Most of the nudis in recent posts have been less than an inch in length—some less than half an inch. This one from last week at Kawaihae Harbor is all of an inch and a half. It’s Dendrodoris krusensternii, a relatively rare species in Hawaii with no common name. Hai, that preternaturally skilled critter finder, found it crawling on a piling a couple of weeks ago and brought Marla, Sandra, Jeff, and me out to see it last week. We swam out to the pilings where Hai’d spotted the nudi, but at first none of us could find it. Luckily, I’d studied a photo of this thing that Hai had previously posted and I’d developed a pretty good search image*. A good search image—a visual idea of just what one is looking for—is really useful for spotting nudibranchs. Pretty soon I located this one on a partially dead Cauliflower Coral growing on a piling a few feet below the surface.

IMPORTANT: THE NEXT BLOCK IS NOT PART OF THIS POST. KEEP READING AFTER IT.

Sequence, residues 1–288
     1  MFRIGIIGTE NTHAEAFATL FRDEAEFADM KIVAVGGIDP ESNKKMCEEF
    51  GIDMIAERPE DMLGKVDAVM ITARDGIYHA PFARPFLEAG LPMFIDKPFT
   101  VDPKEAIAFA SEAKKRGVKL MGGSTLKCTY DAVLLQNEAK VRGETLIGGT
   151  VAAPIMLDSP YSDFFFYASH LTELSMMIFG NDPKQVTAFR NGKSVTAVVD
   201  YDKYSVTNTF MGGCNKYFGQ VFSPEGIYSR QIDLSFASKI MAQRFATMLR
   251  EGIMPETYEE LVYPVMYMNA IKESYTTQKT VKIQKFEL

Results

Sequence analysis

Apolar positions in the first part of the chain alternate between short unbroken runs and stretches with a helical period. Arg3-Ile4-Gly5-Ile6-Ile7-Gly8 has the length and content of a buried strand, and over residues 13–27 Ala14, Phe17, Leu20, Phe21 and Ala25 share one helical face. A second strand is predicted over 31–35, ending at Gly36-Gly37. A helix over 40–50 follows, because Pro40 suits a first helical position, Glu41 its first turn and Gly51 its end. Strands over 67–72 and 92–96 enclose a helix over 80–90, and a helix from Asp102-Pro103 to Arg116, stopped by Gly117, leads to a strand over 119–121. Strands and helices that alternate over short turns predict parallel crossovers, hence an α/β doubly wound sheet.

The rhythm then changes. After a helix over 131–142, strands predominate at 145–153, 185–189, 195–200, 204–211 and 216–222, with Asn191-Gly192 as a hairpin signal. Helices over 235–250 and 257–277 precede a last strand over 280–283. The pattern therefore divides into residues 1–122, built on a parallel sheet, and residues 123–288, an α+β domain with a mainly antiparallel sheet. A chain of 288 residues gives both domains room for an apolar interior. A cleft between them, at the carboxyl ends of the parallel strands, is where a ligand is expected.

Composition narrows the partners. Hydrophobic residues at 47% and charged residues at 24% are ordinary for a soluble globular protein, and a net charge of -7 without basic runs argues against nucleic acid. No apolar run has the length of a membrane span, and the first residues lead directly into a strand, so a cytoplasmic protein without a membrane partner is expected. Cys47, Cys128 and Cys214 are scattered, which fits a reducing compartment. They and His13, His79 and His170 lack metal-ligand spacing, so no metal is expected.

A Blue Dragon nudibranch from a dive earlier this month at a North Kohala site called Ulua. It’s about three inches long. We saw much larger specimens at Backside Molokini last year. These relatively active nudibranchs are supposedly quite common in Hawaii.

*Funny, if you Google “search Image” in 2019 you get a bunch of links telling you how to search for images on line. In this old guy’s world, the term means as described in this fascinating link: https://evolution.berkeley.edu/evolibrary/article/0_0_0/happyface_11